A low impact lifestyle has become desirable as the consequences of our excessive consumption are exposed. However, how do we assess the environmental impacts that our product choices have? Here, we discuss the use of life cycle analyses (LCAs) and the challenges and opportunities these pose in estimating the environmental impact of our food systems.
LCAs are an assessment method used to estimate the environmental impact of items over their lifetime. Such impacts can include water use, land use and greenhouse gas emissions (GHGs). When used correctly, they can be an effective comparative tool between similar items and highlight points in the value chain for improvement.
LCAs have a number of stages, and there are a range of types of LCA. Lifecycle inventories (LCIs) are first collected, which take account of all inputs and outputs within a system. This is followed by LCIAs (lifecycle impact assessment) where the impacts of LCIs are quantified and often differentiated into ecosystem impacts, human impacts and resource depletion. The commonly used term ‘footprint’ can represent a partial or full LCA, but only focuses on one aspect of the system. For example, a water footprint assesses the impact on water availability and quality across the entire life cycle of the product, but this would not include the impact on carbon emissions or land use.
LCAs are recognised as a useful impact assessment tool and as such have standardised methods set by ISO (International Organization for Standardisation). These guidelines have been interpreted differently throughout the literature, especially when applied to a system requiring the allocation of upstream products and inputs that serve in more than one system. For example, water used to irrigate rice paddies would form part of the water footprint of the rice. However, if the rice straw is also used as animal feed, how should the water footprint be allocated between the rice and animal production? Another issue with the methodology when applied to GHGs is that it typically only uses the GWP100 climate change metric, which can misinterpret short lived gas potentials e.g. methane. These limitations highlight the complexities of LCAs and the need for consistent methodology to improve the reliability of the assessment.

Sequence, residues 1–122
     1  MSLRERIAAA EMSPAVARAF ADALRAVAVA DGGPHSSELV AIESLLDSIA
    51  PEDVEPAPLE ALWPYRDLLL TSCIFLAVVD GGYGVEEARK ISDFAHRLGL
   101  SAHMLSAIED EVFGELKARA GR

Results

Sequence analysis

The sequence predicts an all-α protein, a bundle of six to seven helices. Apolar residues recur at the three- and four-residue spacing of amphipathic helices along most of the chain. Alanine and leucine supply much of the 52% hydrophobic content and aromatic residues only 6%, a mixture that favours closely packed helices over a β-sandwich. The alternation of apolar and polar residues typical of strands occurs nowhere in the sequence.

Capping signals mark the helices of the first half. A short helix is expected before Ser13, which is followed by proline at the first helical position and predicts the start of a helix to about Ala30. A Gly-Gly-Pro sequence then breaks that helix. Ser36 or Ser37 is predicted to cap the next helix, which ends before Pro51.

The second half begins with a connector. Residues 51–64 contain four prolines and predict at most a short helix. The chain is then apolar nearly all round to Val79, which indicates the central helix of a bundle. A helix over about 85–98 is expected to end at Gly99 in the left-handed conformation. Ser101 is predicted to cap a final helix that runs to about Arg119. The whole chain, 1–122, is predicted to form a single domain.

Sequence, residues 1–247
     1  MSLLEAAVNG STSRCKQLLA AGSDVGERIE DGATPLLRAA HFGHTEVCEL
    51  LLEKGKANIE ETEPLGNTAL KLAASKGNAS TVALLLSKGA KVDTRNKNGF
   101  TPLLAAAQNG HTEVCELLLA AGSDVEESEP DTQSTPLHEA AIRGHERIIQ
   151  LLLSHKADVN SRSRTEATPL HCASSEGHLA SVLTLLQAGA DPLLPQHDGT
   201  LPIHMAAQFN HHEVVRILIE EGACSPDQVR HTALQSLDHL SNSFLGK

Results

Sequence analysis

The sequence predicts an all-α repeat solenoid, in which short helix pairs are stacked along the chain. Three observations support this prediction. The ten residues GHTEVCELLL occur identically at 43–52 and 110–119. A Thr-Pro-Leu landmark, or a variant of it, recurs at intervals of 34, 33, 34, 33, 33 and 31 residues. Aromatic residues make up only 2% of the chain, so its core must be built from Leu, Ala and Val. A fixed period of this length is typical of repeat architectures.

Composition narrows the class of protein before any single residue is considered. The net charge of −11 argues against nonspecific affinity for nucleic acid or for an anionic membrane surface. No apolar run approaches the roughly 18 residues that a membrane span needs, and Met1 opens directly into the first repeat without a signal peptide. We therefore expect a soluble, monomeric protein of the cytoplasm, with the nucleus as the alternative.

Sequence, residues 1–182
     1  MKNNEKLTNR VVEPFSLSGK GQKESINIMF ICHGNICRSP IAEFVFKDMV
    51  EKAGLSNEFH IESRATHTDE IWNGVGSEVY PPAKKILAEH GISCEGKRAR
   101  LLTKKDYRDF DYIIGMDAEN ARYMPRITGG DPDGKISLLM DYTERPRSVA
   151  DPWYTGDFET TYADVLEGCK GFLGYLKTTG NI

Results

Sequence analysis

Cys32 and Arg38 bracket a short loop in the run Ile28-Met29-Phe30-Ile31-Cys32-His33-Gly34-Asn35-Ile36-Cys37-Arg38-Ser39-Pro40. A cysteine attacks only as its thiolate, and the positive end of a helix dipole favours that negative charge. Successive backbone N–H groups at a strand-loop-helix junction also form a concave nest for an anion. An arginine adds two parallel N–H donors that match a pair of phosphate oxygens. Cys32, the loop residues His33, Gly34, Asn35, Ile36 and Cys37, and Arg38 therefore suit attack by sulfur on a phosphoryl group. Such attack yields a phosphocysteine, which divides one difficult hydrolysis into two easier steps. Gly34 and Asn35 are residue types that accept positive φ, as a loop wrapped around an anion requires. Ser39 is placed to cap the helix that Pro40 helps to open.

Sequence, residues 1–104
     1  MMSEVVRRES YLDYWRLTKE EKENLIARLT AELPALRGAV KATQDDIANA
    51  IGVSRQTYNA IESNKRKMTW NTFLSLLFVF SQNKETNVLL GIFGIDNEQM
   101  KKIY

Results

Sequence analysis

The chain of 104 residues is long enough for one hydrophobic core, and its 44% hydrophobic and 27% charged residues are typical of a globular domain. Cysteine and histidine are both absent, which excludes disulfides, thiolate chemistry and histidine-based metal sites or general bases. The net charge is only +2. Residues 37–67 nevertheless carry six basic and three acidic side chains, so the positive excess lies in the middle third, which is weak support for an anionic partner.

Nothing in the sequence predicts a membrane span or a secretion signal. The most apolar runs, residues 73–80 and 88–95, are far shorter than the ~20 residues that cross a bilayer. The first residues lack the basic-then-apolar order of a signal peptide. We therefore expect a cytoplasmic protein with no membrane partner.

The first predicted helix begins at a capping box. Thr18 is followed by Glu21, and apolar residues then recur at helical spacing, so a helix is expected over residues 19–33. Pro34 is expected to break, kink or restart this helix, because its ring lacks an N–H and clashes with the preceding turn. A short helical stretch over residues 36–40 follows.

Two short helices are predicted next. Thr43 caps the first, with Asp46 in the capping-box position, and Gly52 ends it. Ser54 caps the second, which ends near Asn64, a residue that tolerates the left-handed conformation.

Using LCAs for the estimate of a product’s impact provides a landscape where the products can be compared. Although this can see misinterpretation, which will be discussed later, the complexities of this process can also offer up informative results for consumers and producers that may not seem obvious at first glance. This can be best used when comparing products that are similar in their final output (i.e. provide an equivalent user benefit), but may differ in their production chain e.g. competitor products, items produced in different regions and countries, or comparing similar products manufactured by the same company.
One product may have a variety of impact levels dependent on its origin, where it was purchased, right down to the practices of the individual farmer. Simple consumer choices may significantly decrease an individual’s impact. When choosing a discretionary food like chocolate, the choice of dark chocolate over milk or white chocolate significantly reduces the environmental impact. A difference in the nutritional composition of these products should be noted, although it is not a product we eat for its nutritional benefit. Furthermore, it has also been found using LCAs that a change to using 100% recyclables will result in minor reductions in an individual’s carbon footprint, and rather a focus on simply reducing consumption of packaging would see better results.